Earlier this week, the Board of Immigration Appeals affirmed the sweeping-change in immigration law that the Windsor decision ushered in. In Matter of Zeleniak, 26 I.&N. Dec. 158 (BIA 2013), the Board recognized that Section 3 of the Defense of Marriage Act (DOMA), found unconstitutional by the Supreme Court in Windsor, was not an impediment to recognition of same-sex marriage by immigration authorities. In Zeleniak, U.S. citizen Serge Polajenko filed an immigrant partner for his husband, Oleg Zeleniak. The Citizenship & Immigration Service (CIS) found that the couple had a legal marriage in Vermont, but denied the petition, citing Section 3 of the DOMA. On July 17, 2013, the BIA sent the case back to the CIS stating that the CIS should only consider whether the marriage was entered into in good faith. Thus, the BIA affirmed that Section 3 of DOMA, as a result of Windsor, was no longer an impediment to approval of a petition by U.S. citizen on behalf of his same sex husband, so long as the couple was married in a state where same-sex marriage is legal.
The BIA went further than the immediate issue at hand and sought to identify those areas of immigration law that are impacted by the Windsor decision. The BIA stated:
The Supreme Court’s ruling in Windsor has therefore removed section 3 of the DOMA as an impediment to the recognition of lawful same-sex marriages and spouses if the marriage is valid under the laws of the State where it was celebrated. This ruling is applicable to various provisions of the Act, including, but not limited to, sections 101(a)(15)(K) (fiancé and fiancée visas), 203 and 204 (immigrant visa petitions), 207 and 208 (refugee and asylee derivative status), 212 (inadmissibility and waivers of inadmissibility), 237 (removability and waivers of removability), 240A (cancellation of removal), and 245 (adjustment of status), 8 U.S.C. §§ 1101(a)(15)(K), 1153, 1154, 1157, 1158, 1182, 1227, 1229b, and 1255 (2012).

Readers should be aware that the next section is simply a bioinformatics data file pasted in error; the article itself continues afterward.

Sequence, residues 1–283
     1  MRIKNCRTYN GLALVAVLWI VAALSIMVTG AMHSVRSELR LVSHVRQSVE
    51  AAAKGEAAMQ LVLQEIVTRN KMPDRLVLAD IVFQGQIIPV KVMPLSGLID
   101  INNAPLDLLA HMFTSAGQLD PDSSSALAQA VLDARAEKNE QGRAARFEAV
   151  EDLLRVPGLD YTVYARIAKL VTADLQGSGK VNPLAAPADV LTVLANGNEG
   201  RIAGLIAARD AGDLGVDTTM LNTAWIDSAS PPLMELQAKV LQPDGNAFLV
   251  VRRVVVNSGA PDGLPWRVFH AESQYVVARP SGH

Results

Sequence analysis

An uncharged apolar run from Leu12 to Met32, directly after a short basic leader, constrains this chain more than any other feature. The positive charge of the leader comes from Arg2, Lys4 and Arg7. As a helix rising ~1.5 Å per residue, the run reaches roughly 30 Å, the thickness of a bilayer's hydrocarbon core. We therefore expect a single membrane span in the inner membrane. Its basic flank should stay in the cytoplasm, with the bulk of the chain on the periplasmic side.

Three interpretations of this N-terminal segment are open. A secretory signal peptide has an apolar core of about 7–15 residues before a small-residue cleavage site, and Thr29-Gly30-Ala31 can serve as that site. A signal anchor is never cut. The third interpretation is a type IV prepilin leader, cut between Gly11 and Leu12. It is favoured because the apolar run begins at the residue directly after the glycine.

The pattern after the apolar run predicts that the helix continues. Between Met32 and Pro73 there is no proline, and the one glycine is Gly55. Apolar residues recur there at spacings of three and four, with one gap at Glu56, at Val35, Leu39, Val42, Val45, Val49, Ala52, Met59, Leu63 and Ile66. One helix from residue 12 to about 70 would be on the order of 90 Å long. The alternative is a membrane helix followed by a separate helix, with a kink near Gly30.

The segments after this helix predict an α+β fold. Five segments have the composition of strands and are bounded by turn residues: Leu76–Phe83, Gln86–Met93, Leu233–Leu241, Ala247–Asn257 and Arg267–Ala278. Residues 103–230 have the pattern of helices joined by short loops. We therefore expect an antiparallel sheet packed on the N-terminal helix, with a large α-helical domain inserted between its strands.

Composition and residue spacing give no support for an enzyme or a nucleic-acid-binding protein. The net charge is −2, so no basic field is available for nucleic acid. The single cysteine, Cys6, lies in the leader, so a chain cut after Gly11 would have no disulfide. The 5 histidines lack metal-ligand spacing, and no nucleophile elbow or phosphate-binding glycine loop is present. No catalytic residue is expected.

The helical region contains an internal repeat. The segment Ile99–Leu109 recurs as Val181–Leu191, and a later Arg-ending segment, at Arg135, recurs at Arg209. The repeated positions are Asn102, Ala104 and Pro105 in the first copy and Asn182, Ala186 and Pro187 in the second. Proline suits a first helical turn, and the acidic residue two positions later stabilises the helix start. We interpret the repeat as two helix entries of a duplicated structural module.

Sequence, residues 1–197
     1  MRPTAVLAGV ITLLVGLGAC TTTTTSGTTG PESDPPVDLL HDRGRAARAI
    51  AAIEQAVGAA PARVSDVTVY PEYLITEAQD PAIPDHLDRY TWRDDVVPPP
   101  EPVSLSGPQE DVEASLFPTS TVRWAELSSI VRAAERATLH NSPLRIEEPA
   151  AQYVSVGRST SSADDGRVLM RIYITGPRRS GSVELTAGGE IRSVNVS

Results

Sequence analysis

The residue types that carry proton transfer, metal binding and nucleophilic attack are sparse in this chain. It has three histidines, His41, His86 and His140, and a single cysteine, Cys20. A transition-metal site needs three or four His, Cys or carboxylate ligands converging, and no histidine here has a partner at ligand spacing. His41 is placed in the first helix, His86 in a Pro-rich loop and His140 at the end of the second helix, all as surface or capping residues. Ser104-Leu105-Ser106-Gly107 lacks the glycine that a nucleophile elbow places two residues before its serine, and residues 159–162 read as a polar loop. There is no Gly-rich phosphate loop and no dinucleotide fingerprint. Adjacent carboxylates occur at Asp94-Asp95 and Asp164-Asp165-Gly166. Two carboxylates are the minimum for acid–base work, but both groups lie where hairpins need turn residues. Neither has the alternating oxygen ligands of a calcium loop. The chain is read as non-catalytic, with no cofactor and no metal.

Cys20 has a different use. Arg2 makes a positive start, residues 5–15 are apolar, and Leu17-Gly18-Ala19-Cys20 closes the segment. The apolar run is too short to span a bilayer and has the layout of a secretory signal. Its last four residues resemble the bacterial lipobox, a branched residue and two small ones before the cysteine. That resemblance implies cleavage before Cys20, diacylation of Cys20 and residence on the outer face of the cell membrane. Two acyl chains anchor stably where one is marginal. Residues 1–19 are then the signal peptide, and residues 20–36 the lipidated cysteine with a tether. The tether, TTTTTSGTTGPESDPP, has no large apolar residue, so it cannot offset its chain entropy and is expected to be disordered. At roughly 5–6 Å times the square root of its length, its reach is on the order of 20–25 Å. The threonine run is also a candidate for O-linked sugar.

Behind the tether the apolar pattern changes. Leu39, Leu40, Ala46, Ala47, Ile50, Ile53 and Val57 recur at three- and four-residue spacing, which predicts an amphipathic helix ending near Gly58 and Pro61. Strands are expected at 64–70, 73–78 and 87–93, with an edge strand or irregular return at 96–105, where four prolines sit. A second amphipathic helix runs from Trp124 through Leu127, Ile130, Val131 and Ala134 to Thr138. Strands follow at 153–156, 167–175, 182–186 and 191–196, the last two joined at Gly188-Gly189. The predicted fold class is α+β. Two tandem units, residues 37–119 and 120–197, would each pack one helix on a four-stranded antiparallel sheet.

Ironically, the BIA’s decision appeared the same day that former Attorney General Alberto Gonzales resurfaced from ignominy to publish a wholly unnecessary and surly opinion in the New York Times
stating that Windsor did not compel immigration recognition of same-sex marriages. Relying on 1982 decision of the 9th Circuit Court of Appeals, the former Attorney General stated that Congress did not intend to cover same-sex spouses when it used the term “spouse” in the 1952 Immigration & Nationality Act (INA). As a lawyer who has tried to cite 9th Circuit laws in other parts of the country, I am well aware of the limited reach of a decision of a single appeals court. You would think that the former Attorney General would be as well. It is important to keep Mr. Gonzales’ point-of-view in mind, however. Under our system, the Attorney General has the authority to overrule the BIA on any matter of immigration law. Which is why it is important that Mr. Gonzales, thankfully, no longer occupies that post.